WASHINGTON — Sunday is a day to celebrate all that’s left with the world: It’s Left-Handers Day, intended to recognize those who come at the world from a different angle, but often get to places right-handers don’t.
“Overall, it’s a good thing to be a left-handed person,” said Dr. Gholam Motamedi, Professor of Neurology at the Georgetown University School of Medicine and the director of the Comprehensive Epilepsy Center at Georgetown University Hospital.
He said he believes “left-handedness is good. There is a higher chance of being successful, educated, more intellectual.”
While left-handers make up about 10 percent of the population, five of the last seven U.S. presidents have been left-handed (Ronald Reagan was born left-handed but learned to write right-handed). They also have comprised the major-candidate presidential fields in 2008 (Barack Obama and John McCain) and 1992 (Bill Clinton, George H.W. Bush and Ross Perot).
Left-handers didn’t always have a day to celebrate. Indeed, left-handedness was once literally beaten out of children. As Rik Smits wrote in The New York Times, the British child psychologist Sir Cyril Burt once wrote that left-handers “flounder about like seals out of water,” and a decade later, the head of child psychiatry at Mount Sinai Hospital called left-handedness “an expression of infantile negativism.”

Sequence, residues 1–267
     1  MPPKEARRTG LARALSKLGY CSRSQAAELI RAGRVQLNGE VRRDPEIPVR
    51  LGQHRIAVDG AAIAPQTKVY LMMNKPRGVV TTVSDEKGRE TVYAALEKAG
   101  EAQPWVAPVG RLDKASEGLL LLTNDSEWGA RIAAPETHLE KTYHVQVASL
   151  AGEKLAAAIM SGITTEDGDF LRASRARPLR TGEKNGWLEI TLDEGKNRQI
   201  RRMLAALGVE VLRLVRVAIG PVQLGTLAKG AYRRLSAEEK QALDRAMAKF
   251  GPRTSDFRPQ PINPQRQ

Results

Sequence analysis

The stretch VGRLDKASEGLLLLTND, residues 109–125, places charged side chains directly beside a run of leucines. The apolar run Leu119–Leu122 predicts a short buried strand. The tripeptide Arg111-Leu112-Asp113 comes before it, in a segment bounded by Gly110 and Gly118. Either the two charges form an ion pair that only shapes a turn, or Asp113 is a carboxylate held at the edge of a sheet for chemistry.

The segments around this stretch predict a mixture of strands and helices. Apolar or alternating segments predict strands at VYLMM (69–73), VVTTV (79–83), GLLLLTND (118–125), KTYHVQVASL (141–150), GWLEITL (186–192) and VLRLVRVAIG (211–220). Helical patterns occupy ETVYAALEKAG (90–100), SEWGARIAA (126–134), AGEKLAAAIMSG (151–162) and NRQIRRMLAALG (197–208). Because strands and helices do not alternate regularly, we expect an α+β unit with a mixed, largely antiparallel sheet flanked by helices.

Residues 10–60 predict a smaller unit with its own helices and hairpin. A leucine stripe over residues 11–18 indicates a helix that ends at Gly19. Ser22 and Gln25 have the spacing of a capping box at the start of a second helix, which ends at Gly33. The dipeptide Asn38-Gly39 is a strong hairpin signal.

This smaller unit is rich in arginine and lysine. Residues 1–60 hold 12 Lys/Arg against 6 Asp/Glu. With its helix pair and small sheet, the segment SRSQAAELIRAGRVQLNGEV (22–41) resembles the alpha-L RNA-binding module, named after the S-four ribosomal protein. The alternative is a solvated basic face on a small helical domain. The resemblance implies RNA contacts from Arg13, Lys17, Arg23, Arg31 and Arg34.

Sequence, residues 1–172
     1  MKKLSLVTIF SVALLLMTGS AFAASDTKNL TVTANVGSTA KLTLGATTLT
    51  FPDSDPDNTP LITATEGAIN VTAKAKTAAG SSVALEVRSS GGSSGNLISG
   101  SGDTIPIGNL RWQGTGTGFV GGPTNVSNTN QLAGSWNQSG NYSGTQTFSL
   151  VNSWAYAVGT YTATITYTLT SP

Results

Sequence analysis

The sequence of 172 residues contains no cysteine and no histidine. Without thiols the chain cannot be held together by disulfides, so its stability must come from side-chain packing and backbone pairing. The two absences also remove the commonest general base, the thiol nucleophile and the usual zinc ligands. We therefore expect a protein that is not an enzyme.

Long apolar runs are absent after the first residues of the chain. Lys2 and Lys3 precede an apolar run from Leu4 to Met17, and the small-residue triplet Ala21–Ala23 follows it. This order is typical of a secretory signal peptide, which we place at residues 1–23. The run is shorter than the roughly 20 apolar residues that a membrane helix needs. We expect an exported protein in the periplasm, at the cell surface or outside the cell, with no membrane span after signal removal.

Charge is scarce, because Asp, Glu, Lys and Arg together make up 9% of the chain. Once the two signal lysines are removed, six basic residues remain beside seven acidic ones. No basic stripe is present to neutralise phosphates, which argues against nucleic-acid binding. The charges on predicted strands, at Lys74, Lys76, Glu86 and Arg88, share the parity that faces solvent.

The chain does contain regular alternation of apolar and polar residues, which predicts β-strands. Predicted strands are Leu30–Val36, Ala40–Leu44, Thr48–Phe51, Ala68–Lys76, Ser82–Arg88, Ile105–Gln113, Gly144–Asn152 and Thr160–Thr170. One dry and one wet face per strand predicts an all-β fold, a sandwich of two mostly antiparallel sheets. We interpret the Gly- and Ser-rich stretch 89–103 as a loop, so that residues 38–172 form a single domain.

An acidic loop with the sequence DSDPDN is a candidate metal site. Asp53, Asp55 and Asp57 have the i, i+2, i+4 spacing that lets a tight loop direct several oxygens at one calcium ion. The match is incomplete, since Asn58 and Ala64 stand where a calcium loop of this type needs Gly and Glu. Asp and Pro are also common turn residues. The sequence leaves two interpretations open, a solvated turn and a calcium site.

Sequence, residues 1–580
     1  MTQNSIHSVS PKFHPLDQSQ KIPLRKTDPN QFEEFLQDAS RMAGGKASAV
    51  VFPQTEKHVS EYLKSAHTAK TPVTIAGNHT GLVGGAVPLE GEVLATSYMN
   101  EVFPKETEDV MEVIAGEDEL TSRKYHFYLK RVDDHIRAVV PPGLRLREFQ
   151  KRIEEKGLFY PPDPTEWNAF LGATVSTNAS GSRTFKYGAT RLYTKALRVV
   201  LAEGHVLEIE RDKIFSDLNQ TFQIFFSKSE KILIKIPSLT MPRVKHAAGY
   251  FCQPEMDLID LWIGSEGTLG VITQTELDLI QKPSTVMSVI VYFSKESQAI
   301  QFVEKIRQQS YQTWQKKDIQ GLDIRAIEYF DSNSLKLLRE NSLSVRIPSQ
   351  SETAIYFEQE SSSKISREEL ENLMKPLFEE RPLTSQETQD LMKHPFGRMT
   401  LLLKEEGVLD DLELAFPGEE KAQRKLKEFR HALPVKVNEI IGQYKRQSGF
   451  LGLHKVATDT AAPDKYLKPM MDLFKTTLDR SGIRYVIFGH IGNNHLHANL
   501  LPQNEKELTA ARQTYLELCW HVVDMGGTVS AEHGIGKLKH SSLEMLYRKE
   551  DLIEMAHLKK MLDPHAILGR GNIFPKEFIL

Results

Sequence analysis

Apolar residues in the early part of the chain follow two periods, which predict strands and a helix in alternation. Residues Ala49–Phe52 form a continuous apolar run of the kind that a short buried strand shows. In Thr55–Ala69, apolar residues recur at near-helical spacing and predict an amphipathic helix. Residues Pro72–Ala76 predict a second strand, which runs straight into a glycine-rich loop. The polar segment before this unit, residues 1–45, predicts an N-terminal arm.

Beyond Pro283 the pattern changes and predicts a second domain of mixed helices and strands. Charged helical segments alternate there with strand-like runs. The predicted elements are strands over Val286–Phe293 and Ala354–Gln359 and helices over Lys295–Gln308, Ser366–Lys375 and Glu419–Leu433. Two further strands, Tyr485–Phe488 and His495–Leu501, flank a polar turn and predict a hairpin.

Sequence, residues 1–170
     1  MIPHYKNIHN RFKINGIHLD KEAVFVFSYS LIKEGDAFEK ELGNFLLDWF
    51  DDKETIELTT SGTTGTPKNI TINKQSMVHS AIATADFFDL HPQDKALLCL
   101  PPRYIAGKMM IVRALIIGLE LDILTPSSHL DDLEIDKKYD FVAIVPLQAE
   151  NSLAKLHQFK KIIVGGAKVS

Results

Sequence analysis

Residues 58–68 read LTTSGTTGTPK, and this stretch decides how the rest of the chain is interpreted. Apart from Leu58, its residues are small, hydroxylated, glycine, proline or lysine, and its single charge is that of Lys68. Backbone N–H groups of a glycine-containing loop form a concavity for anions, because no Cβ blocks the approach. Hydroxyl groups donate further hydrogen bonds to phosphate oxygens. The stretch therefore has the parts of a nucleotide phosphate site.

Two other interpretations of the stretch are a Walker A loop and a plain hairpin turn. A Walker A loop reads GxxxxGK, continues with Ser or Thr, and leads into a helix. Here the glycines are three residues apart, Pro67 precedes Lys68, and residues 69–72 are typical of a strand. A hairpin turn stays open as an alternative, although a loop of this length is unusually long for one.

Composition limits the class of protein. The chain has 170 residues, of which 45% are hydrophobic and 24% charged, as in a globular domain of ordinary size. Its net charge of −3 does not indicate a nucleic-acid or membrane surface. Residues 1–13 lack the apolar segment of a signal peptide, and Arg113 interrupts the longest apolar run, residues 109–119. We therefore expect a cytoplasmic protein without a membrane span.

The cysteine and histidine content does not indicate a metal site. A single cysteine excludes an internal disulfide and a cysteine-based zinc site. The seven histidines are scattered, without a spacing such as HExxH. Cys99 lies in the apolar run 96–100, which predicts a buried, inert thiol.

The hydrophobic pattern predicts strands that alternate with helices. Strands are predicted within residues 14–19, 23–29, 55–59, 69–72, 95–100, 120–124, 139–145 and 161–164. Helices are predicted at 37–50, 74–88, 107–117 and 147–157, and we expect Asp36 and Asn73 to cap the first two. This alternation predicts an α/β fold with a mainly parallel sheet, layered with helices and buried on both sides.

The practice stopped after World War II, Motamedi said, though it continues elsewhere — the very different proportions of left-handedness in Americans and, for one, Koreans, at different ages reflects that. And good thing, he said: “It’s like trading gold for copper!”
The doctor also said that left-handers have been shown to “develop abilities beyond ordinary people” and show more innovative thinking, as well as being overrepresented among those with autism and mood disorders such as depression. “Those are the extremes,” Motamedi said.
(For his own part, Smits, the author of…